- Reduce caffeinated drinks to 1-2 per day. Caffeine is a neuro-stimulant so if you are drinking 3+ fully caffeinated drinks per day, you may be increasing feelings of anxiety. Everyone handles caffeine in very different ways. Some people can have 5 coffees per day and it doesn’t affect them at all. However, some people are completely caffeine intolerant and one coffee will cause anxiety, stress and insomnia. Try cutting the caffeine out for a week or 2 and you may see some improvements.
- Reduce alcohol to 2 standard drinks per sitting or cut it out completely. Alcohol is a depressant, and is also used as a method of self-medication to help people get through depressed times. Heavy alcohol consumption can also lead to other health implications such as gut and liver damage. It also leads to chronic fatigue which can make life feel more difficult at the best of times.
Did you know that the brain and gut are linked via the gut brain axis, a vital part of the nervous system. Therefore, cognitive and emotional centres of the brain are directly linked with peripheral gut functions. This makes sense when you think that if you are excited or stressed, it can have a direct affect on your digestive function. The large bowel part of your gut is also home to a huge number of commensal bacteria that scientists are only now beginning to understand. The mix of gut bacteria in the gut is very varied between all human beings and can be influenced by diet, lifestyle, toxin exposure, antibiotic use, bacterial exposure and even household pets. The latest research has shown that the commensal bacteria in our gut can have a profound effect on mood via communication through the gut brain axis. Therefore, if you are suffering from conditions such as gut pain, constipation, diarrhoea, inflammatory bowel disease, irritable bowel syndrome etc. you are also more likely to have depression and or/anxiety. It’s a bit like the chicken and the egg – what came first, the depression or the gut symptoms? In my experience, getting someones gut working better (something I believe nutritionists do particularly well!) can have a beneficial effect on mood.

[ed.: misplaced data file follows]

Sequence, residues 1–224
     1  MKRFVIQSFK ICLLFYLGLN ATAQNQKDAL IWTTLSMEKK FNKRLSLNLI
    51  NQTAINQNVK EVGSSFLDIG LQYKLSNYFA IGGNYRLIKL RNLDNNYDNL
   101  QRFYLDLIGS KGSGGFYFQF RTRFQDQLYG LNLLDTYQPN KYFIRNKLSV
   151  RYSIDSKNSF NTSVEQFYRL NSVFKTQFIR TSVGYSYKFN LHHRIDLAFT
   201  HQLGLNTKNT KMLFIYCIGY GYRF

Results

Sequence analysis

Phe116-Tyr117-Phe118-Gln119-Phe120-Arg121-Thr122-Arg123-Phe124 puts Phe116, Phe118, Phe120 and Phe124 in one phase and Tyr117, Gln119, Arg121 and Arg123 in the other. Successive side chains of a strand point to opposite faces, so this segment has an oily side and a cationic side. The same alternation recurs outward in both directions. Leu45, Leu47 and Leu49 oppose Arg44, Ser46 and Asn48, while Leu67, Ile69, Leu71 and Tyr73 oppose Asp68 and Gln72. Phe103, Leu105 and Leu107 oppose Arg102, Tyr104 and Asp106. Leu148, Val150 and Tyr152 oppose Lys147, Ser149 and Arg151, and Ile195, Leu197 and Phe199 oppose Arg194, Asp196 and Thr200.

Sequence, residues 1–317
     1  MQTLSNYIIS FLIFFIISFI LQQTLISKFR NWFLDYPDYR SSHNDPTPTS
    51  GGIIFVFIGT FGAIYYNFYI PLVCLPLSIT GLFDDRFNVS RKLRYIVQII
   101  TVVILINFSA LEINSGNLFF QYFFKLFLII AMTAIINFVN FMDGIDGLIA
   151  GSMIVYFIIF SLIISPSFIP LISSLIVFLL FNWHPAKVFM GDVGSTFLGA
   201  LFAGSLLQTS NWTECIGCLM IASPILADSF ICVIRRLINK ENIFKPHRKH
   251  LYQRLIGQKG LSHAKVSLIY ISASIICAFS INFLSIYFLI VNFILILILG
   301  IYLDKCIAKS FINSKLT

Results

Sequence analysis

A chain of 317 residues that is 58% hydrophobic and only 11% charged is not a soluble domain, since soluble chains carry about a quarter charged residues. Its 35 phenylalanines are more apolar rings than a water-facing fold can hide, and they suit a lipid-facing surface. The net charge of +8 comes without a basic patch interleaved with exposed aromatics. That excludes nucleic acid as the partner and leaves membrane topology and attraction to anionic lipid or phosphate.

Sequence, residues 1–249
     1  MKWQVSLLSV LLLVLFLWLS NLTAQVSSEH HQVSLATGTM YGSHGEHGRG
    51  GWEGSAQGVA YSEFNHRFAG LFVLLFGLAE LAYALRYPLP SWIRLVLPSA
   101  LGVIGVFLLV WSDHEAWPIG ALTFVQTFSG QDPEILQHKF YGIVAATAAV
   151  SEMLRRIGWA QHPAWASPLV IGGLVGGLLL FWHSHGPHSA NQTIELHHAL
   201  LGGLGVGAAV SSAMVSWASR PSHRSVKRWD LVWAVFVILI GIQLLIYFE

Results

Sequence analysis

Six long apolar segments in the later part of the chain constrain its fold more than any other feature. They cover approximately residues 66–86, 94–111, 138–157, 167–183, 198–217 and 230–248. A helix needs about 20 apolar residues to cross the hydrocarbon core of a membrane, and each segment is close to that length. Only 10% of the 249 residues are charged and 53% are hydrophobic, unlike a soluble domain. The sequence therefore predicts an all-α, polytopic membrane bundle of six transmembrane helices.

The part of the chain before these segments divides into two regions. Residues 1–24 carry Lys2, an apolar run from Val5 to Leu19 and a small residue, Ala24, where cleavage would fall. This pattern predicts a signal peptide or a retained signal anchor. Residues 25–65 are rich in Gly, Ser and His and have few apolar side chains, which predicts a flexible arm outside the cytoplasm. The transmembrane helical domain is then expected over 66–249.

Our hormones are highly influential mediators of mood. Hormones are maintained in homeostasis (or are supposed to be!) but can be influenced by a bad diet, stress, toxin exposure etc. If there are signs that your hormones are disrupted eg. low testosterone, high estrogen, heavy painful periods, endometriosis, fibroids etc. then this can have a profound effect on how you feel on a day to day basis. Hormone balance can be achieved through gradual diet and lifestyle changes.
The key to making positive changes to your diet and lifestyle is to take a gradual approach. I try to not overwhelm my clients with too many changes at one time. If you want to make some of the alterations I have suggested then try one at a time and then try another one a week or 2 later.
Finally, if you feel that you are too overwhelmed to even try these changes, speak to a friend or family member and tell them how you feel. Also, there are great organisations out there to help you such as:
If you are suffering from depression or anxiety, I hope that this article will help you feel happy and healthy again.